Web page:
The Oxford Handbook of Ethics of AI

ISBN : 9780197601440

Markus D. Dubber; Frank Pasquale; Sunit Das
896 Pages
171 x 248 mm
Pub date
Oct 2021
Oxford Handbooks
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  • Locates ethical analysis of artificial intelligence in the context of other modes of normative analysis, including legal, regulatory, philosophical, and policy approaches
  • Interrogates artificial intelligence within the context of related fields of technological innovation, including machine learning, blockchain, big data, and robotics
  • Broadens the conversation about the ethics of artificial intelligence beyond computer science and related fields to include many other fields of scholarly endeavour, including the social sciences, humanities, and the professions (law, medicine, engineering, etc.)
  • Invites critical analysis of all aspects of-and participants in-the wide and continuously expanding artificial intelligence complex, from production to commercialization to consumption, from technical experts to venture capitalists to self-regulating professionals to government officials to journalists to the general public

This volume tackles a quickly-evolving field of inquiry, mapping the existing discourse as part of a general attempt to place current developments in historical context; at the same time, breaking new ground in taking on novel subjects and pursuing fresh approaches.
The term "A.I." is used to refer to a broad range of phenomena, from machine learning and data mining to artificial general intelligence. The recent advent of more sophisticated AI systems, which function with partial or full autonomy and are capable of tasks which require learning and 'intelligence', presents difficult ethical questions, and has drawn concerns from many quarters about individual and societal welfare, democratic decision-making, moral agency, and the prevention of harm. This work ranges from explorations of normative constraints on specific applications of machine learning algorithms today-in everyday medical practice, for instance-to reflections on the (potential) status of AI as a form of consciousness with attendant rights and duties and, more generally still, on the conceptual terms and frameworks necessarily to understand tasks requiring intelligence, whether "human" or "A.I."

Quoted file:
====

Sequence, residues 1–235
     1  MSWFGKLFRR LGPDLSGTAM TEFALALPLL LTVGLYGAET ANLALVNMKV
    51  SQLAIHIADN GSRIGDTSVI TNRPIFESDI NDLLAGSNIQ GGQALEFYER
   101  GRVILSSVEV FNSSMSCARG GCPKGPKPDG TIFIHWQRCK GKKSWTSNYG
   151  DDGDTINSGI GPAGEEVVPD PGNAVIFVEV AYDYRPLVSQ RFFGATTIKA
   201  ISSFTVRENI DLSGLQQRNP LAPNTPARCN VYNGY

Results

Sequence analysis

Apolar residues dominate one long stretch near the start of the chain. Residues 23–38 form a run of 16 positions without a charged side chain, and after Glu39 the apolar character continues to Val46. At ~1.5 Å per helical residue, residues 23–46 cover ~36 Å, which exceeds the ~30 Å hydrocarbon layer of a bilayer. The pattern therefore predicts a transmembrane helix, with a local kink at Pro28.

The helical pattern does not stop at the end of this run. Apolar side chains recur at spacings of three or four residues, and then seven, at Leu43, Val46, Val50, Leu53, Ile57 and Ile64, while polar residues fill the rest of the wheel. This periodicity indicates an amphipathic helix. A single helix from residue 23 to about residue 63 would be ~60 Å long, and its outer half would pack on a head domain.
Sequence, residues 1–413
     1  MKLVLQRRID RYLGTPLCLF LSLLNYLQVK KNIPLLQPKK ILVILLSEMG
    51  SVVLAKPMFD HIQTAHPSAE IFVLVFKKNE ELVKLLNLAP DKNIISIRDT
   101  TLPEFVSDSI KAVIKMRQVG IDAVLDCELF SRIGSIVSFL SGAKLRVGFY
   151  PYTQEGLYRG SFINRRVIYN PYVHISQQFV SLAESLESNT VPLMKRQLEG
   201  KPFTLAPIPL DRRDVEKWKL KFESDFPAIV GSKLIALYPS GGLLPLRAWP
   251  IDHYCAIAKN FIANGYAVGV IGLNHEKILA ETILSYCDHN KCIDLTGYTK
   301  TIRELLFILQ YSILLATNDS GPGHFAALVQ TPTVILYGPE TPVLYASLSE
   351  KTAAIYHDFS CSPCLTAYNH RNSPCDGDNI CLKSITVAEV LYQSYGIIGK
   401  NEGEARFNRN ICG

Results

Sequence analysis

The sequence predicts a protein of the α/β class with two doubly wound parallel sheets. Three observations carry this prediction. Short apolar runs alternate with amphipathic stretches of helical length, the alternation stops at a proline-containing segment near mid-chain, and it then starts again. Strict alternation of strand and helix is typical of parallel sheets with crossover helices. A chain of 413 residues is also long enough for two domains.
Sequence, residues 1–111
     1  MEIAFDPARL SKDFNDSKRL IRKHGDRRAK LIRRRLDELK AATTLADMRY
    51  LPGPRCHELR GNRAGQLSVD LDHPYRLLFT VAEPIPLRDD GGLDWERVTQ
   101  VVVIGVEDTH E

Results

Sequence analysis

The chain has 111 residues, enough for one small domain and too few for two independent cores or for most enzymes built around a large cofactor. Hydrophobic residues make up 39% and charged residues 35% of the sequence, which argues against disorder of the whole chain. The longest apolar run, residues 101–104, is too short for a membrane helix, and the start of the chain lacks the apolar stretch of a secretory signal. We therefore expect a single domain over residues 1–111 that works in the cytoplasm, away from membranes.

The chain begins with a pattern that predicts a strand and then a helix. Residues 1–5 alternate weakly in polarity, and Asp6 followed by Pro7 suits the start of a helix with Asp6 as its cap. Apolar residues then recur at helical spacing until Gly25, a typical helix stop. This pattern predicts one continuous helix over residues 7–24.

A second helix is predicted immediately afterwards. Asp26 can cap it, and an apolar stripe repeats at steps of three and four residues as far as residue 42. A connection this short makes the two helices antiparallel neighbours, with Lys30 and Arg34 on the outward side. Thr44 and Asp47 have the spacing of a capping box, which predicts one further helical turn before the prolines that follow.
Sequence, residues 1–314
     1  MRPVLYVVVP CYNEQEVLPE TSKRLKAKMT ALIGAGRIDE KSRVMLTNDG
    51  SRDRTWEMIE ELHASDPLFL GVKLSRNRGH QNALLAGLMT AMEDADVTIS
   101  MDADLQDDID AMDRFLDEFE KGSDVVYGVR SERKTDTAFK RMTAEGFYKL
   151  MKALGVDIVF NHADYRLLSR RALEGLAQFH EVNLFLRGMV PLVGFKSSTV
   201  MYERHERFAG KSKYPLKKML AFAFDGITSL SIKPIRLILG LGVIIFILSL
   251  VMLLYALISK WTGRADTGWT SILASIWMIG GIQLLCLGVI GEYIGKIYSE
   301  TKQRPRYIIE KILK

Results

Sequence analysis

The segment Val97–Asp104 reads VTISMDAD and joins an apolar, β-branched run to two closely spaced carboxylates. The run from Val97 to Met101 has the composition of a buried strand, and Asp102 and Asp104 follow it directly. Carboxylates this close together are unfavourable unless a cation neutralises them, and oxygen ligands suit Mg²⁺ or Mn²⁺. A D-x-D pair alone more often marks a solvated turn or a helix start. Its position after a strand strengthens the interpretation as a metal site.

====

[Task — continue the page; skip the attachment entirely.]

Supplementary material available


Part I. Introduction & Overview
1. The Artificial Intelligence of Ethics of AI: An Introductory Overview
Joanna Bryson
2. The Ethics of Ethics of AI: Mapping the Field
Thomas Powers, Delaware & Jean-Gabriel Ganascia
3. Ethics of AI in Context: Society & Culture
Judith Donath

Part II. Frameworks & Modes
4. Why Industry Self-regulation Will Not Deliver 'Ethical AI': A Call for Legally Mandated Techniques of 'Human Rights by Design'
Karen Yeung, Andrew Howes and Ganna Pogrebna
5. Private Sector AI: Ethics and Incentives
Tom Slee
6. Normative Modes: Codes & Standards
Paula Boddington
7. Normative Modes: Professional Ethics
Urs Gasser

Part III. Concepts & Issues
8. Fairness and the Concept of 'Bias'
Safiya Umoja Noble
9. Accountability in Computer Systems
Joshua Kroll
10. Transparency
Nick Diakopoulos
11. Responsibility
Virginia Dignum
12. The Concept of Handoff as a Model for Ethical Analysis and Design
Helen Nissenbaum & Deirdre Mulligan
13. Race and Gender
Timnit Gebru
14. The Future of Work in the Age of AI: Displacement, Augmentation, or Control?
Karen Levy & Pegah Moradi